Results will provide a comprehensive description of young children’s writing, including composing, in Spanish. The English sample identifies extensive variation across children and significant differences in transcription and composing for prekindergarteners and kindergarteners. Depending on the results of the comparison analyses, we will examine whether differences may exist due to environmental (instructional) or language-based factors.

A parent-child joint writing intervention: Associations with Hebrew writing skills

First Author/Chair:Coral A Shachar -- Tel Aviv University
Additional authors/chairs: 
Dorit Aram

Background: Despite an understanding that parents play an important role in the literacy development of their young children, little research exists on how parents work with their children in digital literacy environments.
Purpose: The study assessed the impact of a parent-child on-line joint writing intervention program within the preschools on early Hebrew writing skills (consonants and vowels) and interest in writing.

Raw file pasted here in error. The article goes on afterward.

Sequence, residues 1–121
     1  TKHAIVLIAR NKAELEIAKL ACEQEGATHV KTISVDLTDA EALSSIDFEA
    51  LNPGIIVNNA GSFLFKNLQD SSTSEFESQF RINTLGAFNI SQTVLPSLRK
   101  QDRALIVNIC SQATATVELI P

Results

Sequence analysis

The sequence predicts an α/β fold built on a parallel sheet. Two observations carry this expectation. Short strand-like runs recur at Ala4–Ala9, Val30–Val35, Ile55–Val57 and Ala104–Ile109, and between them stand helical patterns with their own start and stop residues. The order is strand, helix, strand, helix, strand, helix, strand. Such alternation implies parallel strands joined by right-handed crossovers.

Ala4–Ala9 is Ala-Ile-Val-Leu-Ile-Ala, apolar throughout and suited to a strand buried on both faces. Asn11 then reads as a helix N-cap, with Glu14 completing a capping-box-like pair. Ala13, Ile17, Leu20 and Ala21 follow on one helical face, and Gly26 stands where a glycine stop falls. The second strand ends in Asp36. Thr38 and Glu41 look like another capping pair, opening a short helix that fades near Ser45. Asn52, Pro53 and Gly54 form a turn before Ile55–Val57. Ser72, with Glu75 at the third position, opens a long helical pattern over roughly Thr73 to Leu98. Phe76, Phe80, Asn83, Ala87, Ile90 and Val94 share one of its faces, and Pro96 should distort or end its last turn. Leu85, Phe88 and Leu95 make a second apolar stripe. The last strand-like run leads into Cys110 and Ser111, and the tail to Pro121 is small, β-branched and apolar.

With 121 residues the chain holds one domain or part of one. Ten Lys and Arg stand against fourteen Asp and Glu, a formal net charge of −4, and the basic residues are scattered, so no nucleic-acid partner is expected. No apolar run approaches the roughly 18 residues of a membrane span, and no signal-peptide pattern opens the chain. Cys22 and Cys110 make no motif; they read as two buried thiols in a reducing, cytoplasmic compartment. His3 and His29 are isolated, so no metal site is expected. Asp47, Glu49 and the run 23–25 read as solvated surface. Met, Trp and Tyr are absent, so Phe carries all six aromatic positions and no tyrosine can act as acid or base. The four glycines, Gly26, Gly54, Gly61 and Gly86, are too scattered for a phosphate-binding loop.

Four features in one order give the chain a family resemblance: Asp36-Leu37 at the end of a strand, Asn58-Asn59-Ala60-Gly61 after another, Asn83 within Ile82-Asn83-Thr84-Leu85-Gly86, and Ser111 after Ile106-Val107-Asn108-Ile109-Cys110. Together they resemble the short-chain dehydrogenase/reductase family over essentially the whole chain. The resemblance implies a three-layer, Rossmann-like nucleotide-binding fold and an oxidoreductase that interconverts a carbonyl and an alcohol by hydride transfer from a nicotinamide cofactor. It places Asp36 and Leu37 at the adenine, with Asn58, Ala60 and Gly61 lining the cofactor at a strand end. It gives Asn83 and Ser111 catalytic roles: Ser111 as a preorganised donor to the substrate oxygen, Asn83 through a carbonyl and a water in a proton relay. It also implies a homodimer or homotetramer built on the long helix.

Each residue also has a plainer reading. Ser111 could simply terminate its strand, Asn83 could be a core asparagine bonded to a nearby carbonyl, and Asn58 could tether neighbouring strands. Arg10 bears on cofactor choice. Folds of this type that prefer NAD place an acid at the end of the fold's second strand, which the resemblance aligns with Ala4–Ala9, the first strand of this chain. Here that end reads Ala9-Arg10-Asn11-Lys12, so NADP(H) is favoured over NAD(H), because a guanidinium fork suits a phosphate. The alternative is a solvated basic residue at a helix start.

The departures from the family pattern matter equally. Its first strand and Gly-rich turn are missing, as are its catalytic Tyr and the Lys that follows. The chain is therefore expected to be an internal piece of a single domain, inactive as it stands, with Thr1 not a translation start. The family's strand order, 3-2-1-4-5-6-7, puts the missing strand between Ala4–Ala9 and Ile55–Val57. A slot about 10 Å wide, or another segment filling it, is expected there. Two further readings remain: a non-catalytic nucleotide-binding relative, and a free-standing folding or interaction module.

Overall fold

Method: Parents of 174 children in eight preschools participated in a two-hour workshop where they learned about effective writing support. Parents were asked to write on an Internet forum with their children twice a week for 10 weeks. Parents were instructed to write at least five words per post. Children's writing skills, self-regulation, and their interest in reading and writing experiences were assessed.
Results: The extent of participation (number of written words) predicted growth in children’s early writing skills and interest in literacy, controlling for their SES and self-regulation. Conclusion: The implications of this study relate to parents’ ability to promote their children’s early writing skills and interest in literacy, which play a key role in predicting children’s reading and writing achievements. The practical implications relate to the need to teach parents how to effectively support their children’s early writing in a variety of formats.


First Author/Chair:DISCUSSANT Cynthia Puranik -- Georgia State University